News about Jean’s new life had gotten to his village even before his arrival three days later. When Jean arrived home a celebration in his honor was waiting for him. His wife was once again confused, only this time, she was staring at her husband with eyes of joy and new love. For the children, it was the first time they saw their papa be like any other father in their community.

Jean is now accepted in all the ranks of his society as a man of honor, having now been given all the traditional rights and privileges. Although adjusting to his new life has at times been difficult, like trying to use his identification papers as his photo has completely changed, he is beyond happy and proud. He is very grateful to Smile Train and its worldwide partners for giving him, and so many other patients like him, a new life. Jean has now become a social recruiter visiting nearby villages as an ambassador for Smile Train educating communities about cleft and finding others in need of surgery.

How a Smile Put Him in the Driver’s Seat

Rally racing veteran Osvaldo Ary Cortiano (center), along with drivers Leo and Fred Zettel, has combined his love of racing and passion for Smile Train to help more children in need.

Rally racing veteran Osvaldo Ary Cortiano (center), along with drivers Leo and Fred Zettel, has combined his love of racing and passion for Smile Train to help more children in need.

Londrina, Brazil—Brazilian rally racing vet Ary Osvaldo Cortiano has teamed up with Smile Train Brazil to form Projeto Superação or Project Overcome, in English.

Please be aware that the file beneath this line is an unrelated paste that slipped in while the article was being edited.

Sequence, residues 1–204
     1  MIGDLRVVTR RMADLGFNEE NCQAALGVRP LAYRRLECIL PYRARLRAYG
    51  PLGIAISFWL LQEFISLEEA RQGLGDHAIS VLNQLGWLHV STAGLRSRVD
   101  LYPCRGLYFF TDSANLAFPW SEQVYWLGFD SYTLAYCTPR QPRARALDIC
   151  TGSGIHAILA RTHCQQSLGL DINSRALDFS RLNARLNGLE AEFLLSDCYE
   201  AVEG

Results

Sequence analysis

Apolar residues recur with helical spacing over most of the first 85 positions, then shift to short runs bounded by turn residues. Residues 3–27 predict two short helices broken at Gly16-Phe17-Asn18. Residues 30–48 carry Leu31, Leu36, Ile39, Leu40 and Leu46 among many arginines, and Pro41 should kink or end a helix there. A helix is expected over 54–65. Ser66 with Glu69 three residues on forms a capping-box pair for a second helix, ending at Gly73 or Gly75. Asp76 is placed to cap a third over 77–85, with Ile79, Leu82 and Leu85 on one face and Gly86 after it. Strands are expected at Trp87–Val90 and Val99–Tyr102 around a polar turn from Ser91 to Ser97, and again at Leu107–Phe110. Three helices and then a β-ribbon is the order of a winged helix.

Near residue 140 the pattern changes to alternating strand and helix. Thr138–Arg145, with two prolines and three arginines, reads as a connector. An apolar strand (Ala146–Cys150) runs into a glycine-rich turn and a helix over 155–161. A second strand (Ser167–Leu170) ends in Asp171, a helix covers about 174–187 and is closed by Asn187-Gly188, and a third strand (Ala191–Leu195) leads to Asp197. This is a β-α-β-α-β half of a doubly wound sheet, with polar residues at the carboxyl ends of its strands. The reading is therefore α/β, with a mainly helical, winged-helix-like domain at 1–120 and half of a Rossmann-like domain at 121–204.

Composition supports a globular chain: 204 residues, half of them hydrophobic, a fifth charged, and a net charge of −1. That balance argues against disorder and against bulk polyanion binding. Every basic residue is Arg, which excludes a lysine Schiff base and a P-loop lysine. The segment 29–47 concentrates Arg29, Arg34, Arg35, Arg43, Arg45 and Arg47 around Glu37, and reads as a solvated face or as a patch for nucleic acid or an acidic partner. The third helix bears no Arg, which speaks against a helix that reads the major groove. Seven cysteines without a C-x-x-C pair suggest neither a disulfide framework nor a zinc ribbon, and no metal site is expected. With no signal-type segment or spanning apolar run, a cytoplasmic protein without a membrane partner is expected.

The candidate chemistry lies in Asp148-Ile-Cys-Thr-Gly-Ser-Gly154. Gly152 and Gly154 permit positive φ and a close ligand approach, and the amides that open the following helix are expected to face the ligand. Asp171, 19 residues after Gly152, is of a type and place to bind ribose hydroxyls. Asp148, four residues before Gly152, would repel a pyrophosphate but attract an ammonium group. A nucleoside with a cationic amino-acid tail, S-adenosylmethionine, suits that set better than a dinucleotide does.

Project Overcome aims to create awareness of the free treatment provided by Smile Train for children born with cleft lip and palate, using rally racing competitions.

Ary who serves as a co-driver to brothers, Leo and Fred Zettel, did not start this project by chance. Born with a cleft lip and palate, Ary has faced many obstacles. Due to the delay of his treatment and the lack of advancement in cleft surgery at the time of his operations, Ary’s childhood was very tough.

“Throughout my life I have suffered great prejudice, which has made an impact on me. For example, I could not look at or touch a pregnant woman because it was believed that this child could born with my problem,” says Ary.

“It was a difficult childhood because nobody wanted to play with me thinking I did not belong to this world.”

One of the two Smile Train racing cars that will be driven on the Brazilian rally racing circuit.

One of the two Smile Train racing cars that will be driven on the rally racing circuit.

As a co-driver for Leo and Fred, Ary is essentially their coach, using an in-helmet intercom system, during the races, which cross a broad range of terrain and distance. This enables the driver to complete each stage as quickly as possible. The brothers will race in cars branded with the Smile Train logo.

Fond of cars from a young age, Ary took a course in auto mechanics and was hired by Fiat to be a test pilot shortly after. From there, Ary has competed in many racing circuits. Besides his role as the Zettel’s co-driver and coach, he currently provides driving lessons and pilot training for professional racing teams.

Even though he has speech problems that have left his voice nasally due to lack of intensive speech therapy, Ary’s classes in Brazil, Uruguay and Argentina are extremely popular and in high demand.

It is expected that Project Overcome will enable more people suffering with unrepaired clefts to seek free cleft treatment so that fewer children have to face the same obstacles as Ary.

Cleft Surgery’s Role in Nutrition

Three-month-old Alham (left) shortly before her Smile Train surgery and five-month-old Alham two months after. Alham's story highlights the need for cleft surgery in order to obtain proper nutrition.

Three-month-old Alham (left) shortly before her Smile Train surgery and five-month-old Alham two months after. Alham’s story highlights the need for cleft surgery in order to obtain proper nutrition.